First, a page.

A Stanford professor has revealed that he has studied materials from Unidentified Arial Phenomenon (UAP) events, several of which seem to not be "playing by our rules".
You may not have heard of Professor Garry Nolan, but if you're aware of the "Atacama Alien" you've probably come across his work. In 2003, in an abandoned mining town in the middle of Chile's Atacama desert, the remains of a 15-centimeter (6-inch) humanoid skeleton was found, and then quickly sold to a private collector in Spain. Over the years, various people claimed that the skeleton was not human, but that of an alien.
Though this wasn't taken seriously by anyone outside of YouTube, it wasn't known exactly what the skeleton – known as Ata – actually was, until Nolan and his colleagues at the University of California in San Francisco studied its DNA. To the annoyance of alien fans, they found Ata to be a female fetus of South American descent, who likely had severe genetic mutations that caused her to have the bone composition of a 6-year-old. The 2 percent of Ata's DNA that was unmatchable with human DNA was likely due to degradation of the sample, rather than anything E.T. going on.
After debunking the Atacama alien, Nolan gained a reputation and was soon approached by various American government agencies and aeronautic corporations that had weird objects, known professionally as UAPs but to everyone else as UFOs, (and sometimes brain scans) that need looking at. Some objects, he revealed in a recent interview with VICE, are especially inexplicable, with two of the 12 UAP fragments he's analyzed "not playing by our rules".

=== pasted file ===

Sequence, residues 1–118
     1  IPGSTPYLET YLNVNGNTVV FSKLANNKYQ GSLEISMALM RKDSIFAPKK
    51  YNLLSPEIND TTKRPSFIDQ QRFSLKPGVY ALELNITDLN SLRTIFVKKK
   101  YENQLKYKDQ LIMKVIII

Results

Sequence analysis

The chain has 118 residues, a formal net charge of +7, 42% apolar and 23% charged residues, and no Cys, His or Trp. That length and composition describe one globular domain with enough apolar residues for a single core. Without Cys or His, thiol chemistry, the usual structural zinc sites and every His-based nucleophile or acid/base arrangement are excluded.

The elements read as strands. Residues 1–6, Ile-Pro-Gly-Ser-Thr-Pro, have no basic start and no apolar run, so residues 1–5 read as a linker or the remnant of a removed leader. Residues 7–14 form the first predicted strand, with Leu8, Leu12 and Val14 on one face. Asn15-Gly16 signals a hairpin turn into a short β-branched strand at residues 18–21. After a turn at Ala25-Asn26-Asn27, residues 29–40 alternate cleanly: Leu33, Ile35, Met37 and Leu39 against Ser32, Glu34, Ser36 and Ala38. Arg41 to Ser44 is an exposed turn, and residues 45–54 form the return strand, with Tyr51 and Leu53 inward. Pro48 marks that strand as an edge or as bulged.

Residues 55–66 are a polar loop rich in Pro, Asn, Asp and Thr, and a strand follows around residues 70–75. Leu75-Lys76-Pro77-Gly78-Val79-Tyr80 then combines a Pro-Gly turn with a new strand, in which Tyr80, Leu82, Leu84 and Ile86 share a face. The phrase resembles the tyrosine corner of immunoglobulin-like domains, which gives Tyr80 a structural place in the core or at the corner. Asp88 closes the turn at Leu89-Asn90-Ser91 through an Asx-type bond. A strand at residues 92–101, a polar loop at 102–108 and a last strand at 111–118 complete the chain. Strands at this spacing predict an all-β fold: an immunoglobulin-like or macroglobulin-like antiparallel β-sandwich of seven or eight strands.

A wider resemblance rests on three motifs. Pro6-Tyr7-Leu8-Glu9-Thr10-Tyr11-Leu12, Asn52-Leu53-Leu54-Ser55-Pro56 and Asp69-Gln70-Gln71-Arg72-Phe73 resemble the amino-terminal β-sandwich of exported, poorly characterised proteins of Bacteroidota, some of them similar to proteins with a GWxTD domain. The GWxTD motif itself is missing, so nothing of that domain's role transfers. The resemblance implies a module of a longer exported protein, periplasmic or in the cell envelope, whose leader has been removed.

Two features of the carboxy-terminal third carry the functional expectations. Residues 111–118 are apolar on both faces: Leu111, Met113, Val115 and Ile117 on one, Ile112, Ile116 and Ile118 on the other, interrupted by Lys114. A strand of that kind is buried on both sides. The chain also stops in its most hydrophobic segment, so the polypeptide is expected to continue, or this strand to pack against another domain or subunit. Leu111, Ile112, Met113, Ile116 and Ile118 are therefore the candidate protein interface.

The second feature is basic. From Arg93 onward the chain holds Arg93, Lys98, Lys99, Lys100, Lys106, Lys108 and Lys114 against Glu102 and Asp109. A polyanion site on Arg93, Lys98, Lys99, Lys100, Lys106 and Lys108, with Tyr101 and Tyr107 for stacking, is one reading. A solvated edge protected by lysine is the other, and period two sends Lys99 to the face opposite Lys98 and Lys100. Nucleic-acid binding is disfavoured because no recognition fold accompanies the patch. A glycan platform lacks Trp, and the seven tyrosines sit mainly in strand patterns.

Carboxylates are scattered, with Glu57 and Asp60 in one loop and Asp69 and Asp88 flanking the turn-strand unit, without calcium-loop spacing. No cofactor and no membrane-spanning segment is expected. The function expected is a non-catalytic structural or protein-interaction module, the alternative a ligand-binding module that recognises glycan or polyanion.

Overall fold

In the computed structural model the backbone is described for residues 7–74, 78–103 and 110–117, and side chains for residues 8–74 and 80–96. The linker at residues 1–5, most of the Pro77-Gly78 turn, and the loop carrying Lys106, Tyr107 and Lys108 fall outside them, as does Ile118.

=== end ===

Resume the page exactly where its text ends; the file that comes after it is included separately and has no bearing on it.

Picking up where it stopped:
"Some of the objects are nondescript, and just lumps of metal. Mostly, there's nothing unusual about them except that everywhere you look in the metal, the composition is different, which is odd," he told VICE.
"The common thing about all the materials that I've looked at so far, and there's about a dozen, is that almost none of them are uniform. They're all these hodgepodge mixtures. Each individual case will be composed of a similar set of elements, but they will be inhomogeneous."
One of the specimens he analyzed was an unusual piece of magnesium said to be found at an air crash site in Brazil in 1957 (known in UFO circles as the Ubatuba event). When he analyzed two separate samples from the same event, they were wildly different.
The first "had perfectly correct isotope ratios for what you would expect for magnesium found anywhere on Earth. Meanwhile, the other one was just way off. Like 30 percent off the ratios."
While that's odd, he explains that it is possible (at great expense) to alter isotope ratios of magnesium. It's just not clear why you would do that, in a sample that appears to be genuinely from the 1950s, and wouldn't be analyzed properly for 70 years.